Virtual Program Archive

Virtual Program Archive

Our virtual programs celebrate the “Society” in American Jewish Historical Society. A historical society is much more than only the keepers of documents and papers that remain in their manuscript boxes. It is our mission to connect the past to the present and make our collections come to life for visitors.  From an exclusive look behind the scenes to spirited discussions in Emma's sitting room, these virtual programs provide participants with a chance to discover and engage with the stories in our collections from your own home. See below for a full archive of our past virtual programs.

*Interested in booking a virtual program for your group? Click Here! 


Live From The Archives: The Gangster, the Undercover Investigator, and the Historian

This program origionally aired on October 20th, 2020.

More than just pushcarts and stickball, the Lower East Side was a complex immigrant neighborhood embedded in a complex, rapidly urbanizing and industrializing city. In the 1910s, uptown and downtown Jews joined together to form community--the Kehillah of New York-- and deemed crime-fighting to be essential. The Kehillah engaged Abraham Shoenfeld to go undercover to research and investigate the Jewish underworld. Decades later, a historian named Arthur Aryeh Goren researched the Kehillah, and found his way to Shoenfeld's meticulous notes, and Shoenfeld himself, who regaled him with tales of gangsters, prostitutes and unscrupulous police and politicians. Join AJHS historians and archivists as we share some of the amazing material from this collection. Professor Jennifer Fronc, author of New York Undercover: Private Surveillance in the Progressive Era, places this undercover work in context.

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Live From The Archives: Hank Greenberg and Yom Kippur

This program origionally aired on September 22nd, 2020

What does Baseball have to do with the High Holidays? And what do Hank Greenberg, Sandy Koufax, and the 1986 New York Mets have in common? Join us to find out! Dr. Jeffrey Gurock of Yeshiva University and Melanie Meyers, our Director of Collections of Engagement, discusses baseball, religious observance and more, including the AJHS baseball memorabilia collection. 

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Live From The Archives: High Holiday & The Lower East Side

This program origionally aired on September 8th, 2020.

At the turn of the 20th century, the Lower East Side was the largest Jewish city in the world, and one of the most crowded. As Jewish immigrants adapted to American streets and American ways, the brought their customs with them. The performed tashlikh on the Williamsburg Bridge, and transformed movie theatres into synagogues. On this episode of Live From The Archives we step outside the stacks, and onto the streets of the Lower East Side to discover the ways in which our collections illuminate the constant reinvestion of high holiday celebrations in the city of New York.  We will then venture home as culinary historian Sarah Lohman live streams from her kitchen and demonstrates a sweet recipe, fit for the New Year, from our cookbook collection.


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Live From The Archives: Family Portraits and Multi-Racial Identity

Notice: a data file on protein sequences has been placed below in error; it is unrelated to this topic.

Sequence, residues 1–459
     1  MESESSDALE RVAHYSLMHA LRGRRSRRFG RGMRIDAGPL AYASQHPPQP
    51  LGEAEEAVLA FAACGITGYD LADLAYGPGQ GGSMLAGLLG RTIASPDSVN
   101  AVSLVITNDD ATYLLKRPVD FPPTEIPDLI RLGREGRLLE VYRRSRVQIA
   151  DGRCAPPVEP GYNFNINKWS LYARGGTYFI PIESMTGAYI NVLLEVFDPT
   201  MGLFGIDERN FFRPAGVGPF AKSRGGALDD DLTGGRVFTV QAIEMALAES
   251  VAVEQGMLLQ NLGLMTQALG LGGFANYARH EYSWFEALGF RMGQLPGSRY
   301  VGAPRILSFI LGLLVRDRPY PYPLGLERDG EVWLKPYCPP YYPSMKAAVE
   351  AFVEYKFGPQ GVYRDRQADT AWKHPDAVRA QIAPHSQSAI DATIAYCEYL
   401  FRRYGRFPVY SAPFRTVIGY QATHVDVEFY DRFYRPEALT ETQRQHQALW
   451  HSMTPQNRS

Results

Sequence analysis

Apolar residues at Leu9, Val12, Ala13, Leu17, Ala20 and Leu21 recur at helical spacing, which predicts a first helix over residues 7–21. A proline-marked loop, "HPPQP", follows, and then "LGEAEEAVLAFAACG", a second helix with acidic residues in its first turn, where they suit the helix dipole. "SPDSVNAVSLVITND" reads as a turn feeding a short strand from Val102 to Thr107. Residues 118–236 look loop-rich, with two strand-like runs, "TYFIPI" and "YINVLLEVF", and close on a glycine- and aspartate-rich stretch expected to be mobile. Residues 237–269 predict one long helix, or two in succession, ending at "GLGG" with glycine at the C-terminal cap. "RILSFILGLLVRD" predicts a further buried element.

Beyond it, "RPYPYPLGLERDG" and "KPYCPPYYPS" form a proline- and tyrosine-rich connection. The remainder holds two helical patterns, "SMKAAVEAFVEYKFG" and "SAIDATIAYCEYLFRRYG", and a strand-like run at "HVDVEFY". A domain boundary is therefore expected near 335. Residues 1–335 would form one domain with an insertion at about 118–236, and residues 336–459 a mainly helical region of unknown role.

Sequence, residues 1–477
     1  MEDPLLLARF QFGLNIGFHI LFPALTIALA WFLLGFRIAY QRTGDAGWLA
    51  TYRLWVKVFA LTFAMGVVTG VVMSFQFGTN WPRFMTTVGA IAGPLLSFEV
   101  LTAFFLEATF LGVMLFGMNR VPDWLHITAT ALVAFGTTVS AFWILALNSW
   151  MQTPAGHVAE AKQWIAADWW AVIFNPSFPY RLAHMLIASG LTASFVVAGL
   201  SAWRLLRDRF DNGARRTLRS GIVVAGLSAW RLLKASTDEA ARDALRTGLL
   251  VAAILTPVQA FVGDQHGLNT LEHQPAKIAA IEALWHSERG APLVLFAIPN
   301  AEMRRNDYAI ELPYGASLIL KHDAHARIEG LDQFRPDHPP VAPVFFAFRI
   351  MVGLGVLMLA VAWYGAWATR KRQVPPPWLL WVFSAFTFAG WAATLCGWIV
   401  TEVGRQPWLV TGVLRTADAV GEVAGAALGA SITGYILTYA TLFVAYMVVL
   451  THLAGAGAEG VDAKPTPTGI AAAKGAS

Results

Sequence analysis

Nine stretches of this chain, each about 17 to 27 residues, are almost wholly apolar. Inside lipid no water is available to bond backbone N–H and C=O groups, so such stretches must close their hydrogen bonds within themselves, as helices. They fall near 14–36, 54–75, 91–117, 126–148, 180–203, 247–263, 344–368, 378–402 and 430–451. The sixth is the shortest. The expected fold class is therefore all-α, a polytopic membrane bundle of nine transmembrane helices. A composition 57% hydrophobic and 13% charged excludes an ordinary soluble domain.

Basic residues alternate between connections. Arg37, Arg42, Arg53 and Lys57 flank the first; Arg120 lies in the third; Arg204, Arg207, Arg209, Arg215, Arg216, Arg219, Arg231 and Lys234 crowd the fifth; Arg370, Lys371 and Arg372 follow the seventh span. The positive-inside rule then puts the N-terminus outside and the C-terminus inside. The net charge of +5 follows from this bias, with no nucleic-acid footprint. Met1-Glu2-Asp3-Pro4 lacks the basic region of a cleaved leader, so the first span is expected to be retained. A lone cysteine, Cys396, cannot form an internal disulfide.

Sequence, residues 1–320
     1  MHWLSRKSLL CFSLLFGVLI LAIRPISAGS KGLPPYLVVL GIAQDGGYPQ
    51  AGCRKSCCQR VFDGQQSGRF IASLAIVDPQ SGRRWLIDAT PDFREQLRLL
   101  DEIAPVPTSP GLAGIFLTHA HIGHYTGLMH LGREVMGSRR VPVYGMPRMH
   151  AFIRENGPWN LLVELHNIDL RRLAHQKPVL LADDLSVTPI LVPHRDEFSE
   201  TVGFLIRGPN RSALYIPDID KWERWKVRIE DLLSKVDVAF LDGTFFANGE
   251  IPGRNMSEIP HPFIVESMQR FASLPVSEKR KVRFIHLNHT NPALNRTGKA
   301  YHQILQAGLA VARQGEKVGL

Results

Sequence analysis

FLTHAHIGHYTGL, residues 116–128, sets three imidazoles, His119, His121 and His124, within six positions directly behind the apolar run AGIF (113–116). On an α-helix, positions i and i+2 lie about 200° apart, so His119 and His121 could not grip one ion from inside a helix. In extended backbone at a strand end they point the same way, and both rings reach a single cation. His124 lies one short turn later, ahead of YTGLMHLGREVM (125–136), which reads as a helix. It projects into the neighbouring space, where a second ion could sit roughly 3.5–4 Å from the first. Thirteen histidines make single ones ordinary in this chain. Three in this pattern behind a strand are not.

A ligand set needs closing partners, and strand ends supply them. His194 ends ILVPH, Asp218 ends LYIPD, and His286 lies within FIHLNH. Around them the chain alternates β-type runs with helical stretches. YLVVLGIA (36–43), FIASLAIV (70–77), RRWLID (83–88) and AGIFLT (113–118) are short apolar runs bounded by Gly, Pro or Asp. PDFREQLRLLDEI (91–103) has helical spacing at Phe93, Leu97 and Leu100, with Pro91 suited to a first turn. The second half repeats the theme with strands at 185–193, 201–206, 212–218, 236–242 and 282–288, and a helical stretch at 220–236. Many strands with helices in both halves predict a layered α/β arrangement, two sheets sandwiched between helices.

This program origionally aired on August 25th, 2020.

The Moses Family were one of the most prominent New York Jewish merchant families of the late 18th and 19th century. Dr. Laura Leibman recently uncovered a fascinating story behind the immigraion and migration that contributed to their multiracial identity, using collections from the AJHS archives. Join us on August 25th as we take a closer look at two ivory miniatures, engage in conversation with Professor Leibamn, and learn about life in early 19th century Barbadoes, London, and New York City. Melanie Meyers, Director of Collections will then share how AJHS acquired the objects-- that story sheds light on turn-of-the twentieth century New York Jews and the Society's early days.

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Live From The Archives: GI Jews

This program origionally aired on August 11th, 2020.

Over 500,000 American Jews fought in WWII, and the experience transformed the soldiers as well as the broader American Jewish community. At the archive, we'll explore artifacts---dog tags, prayer books, chaplains' "to-go" kits used for services in the field. We'll also draw on the expertise of historian Deborah Dash Moore, author of GI Jews: How World War II Changed a Generation. Director of Collections Melanie Meyers will reveal the 83,000 cards created by the National Jewish Welfare Board, some of which might have information about your relatives, and share the unexpected surprises and nuances of archival history that make this collection unique, and significant.

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Live From The Archives: Emma Lazarus' Red Manuscript

This program origionally aired on July 28th, 2020.

Emma Lazarus handwrote her work here in the mid-1880s, and while we typically turn to page 1 to study “The New Colossus,” this time we’ll turn to page 2 to study “Progress & Poverty.” Initially published in the New York Times, Lazarus wrote the poem after reading labor activist and journalist Henry George’s 526-page economic analysis, Progress & Poverty. Join Executive Director, Dr. Annie Polland and AJHS Director of Collections and Engagement, Melanie Meyers for a live show that draws on the perspectives of Professor Schor, historian Ed O’Donnell, author of Henry George and the Crisis of Inequality: Progress and Poverty in the Gilded Age,  and others, as you discover more facets to Lazarus’s work.

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